Venezuela politics military aid,FOCUS
February 10 2019 - 8:14 AM
Humanitarian aid used as weapon in Maduro-Guaido conflict
By Ramon SAHMKOW
Caracas, Feb 10, 2019 (AFP) - Desperately needed aid being stockpiled at
Venezuela's door is at the heart of a political duel between the two men
fighting to lead the oil-rich nation: Juan Guaido and Nicolas Maduro.
Guaido, recognized as Venezuela's interim president by around 50 countries,
has pressed the all-critical military to allow the mostly American
humanitarian aid to reach the most vulnerable population, or around 300,000
Maduro insists the shortages plaguing the country are caused by
Washington's punitive sections, and he has vowed to stop the "spectacle of
fake humanitarian aid."
The aid "is at the heart of the struggle between two pillars of power,"
political scientist Luis Salamanca told AFP.
"This struggle is playing out as concerns the future of the armed forces.
Guaido is trying to get the military on his side, while Maduro tries to keep
it behind him."
Using a tanker truck, two container trucks and barriers, the army has been
blocking the Tienditas border bridge since Thursday.
Several hundred meters (yards) from there on the Colombia side are the
hangars where the emergency aid is being stockpiled.
For John Magdaleno of the Polity consultancy, the confrontation between the
two men is a "major event" that "is inevitably leading toward an escalation"
between the government and the opposition, as well as between Maduro and the
countries supporting his adversary.
"In the end, it's in the hand of the United States. They are the ones who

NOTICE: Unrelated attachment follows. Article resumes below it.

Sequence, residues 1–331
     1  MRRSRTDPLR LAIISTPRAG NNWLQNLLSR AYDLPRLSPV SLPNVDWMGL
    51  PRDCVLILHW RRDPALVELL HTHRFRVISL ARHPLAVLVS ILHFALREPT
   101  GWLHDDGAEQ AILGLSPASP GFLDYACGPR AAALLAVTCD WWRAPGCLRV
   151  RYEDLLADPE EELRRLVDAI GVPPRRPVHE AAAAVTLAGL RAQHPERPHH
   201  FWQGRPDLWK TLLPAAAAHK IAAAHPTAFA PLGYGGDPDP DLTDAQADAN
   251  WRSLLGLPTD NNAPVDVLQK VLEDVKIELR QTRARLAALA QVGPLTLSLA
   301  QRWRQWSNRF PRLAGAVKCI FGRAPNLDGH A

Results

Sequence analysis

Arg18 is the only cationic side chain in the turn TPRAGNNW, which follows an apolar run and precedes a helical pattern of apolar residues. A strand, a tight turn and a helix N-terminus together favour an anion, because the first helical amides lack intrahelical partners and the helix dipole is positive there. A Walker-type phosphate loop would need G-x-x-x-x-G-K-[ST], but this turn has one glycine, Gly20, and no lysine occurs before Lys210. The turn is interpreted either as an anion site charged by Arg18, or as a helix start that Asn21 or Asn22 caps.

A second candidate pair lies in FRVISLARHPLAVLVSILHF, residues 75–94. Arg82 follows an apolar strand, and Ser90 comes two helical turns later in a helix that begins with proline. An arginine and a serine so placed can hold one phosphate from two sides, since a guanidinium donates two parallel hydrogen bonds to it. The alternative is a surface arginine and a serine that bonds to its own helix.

can use force," Magdaleno said.
President Donald Trump's administration, which has insisted that "all
options are on the table" -- has frozen the accounts of Venezuelan leaders and
unveiled fresh sanctions to bar Maduro from accessing revenues from oil his
country sells in the US.
Before possibly resorting to force, Washington is exploring "all other
options" first, Magdeleno said, adding that "this chapter on humanitarian aid
foreshadows a far more significant escalation that could trigger a military
However, Assistant Secretary of State for Western Hemisphere Affairs
Kimberly Breier has insisted that the US has no intention of entering
Venezuelan territory by force to distribute food and medicine.
- Politicized aid -
The United Nations said it's ready to send emergency aid to Venezuela, but
only if Caracas agrees.
"Humanitarian aid should never be used as a political pawn," UN spokesman
Stephane Dujarric said Thursday.
Venezuela has faced a major political and economic crisis in recent years.
Expropriations have hurt industry and oil production, which finances 96
percent of the national budget, thus reducing imports of basic goods.
More than 80 percent of medicine and medical equipment are missing in a
country that has the world's largest proven oil reserves, according to the
pharmaceutical federation. There are constant cuts of basic services such as
water and electricity.
Maduro accuses the United States of setting up an "international
coalition... to intervene militarily in Venezuela under the pretext of a
non-existing humanitarian crisis."
For the National Assembly's former president and opposition lawmaker Henry
Ramos Allup, the government's refusal to allow humanitarian aid to enter the
country "reveals once more to the world the regime's human rights violations."
The anti-Maduro camp has also denounced the regime's decision -- while
Venezuela grapples with such a dire situation -- to send 100 tonnes of
humanitarian aid to Cuba to assist the communist island in the wake of a
The government faces a "strategic dilemma" because "regardless of its
decision, it loses," Magdaleno said.
If Maduro relents and allows the aid in, this means he finally acknowledges
that there is, in fact a humanitarian crisis.
"Maduro is going to put his foot down. It doesn't matter much anymore to
him. He is playing a game that seems to be entering its last phase," which
threatens his hold on power, said Salamanca.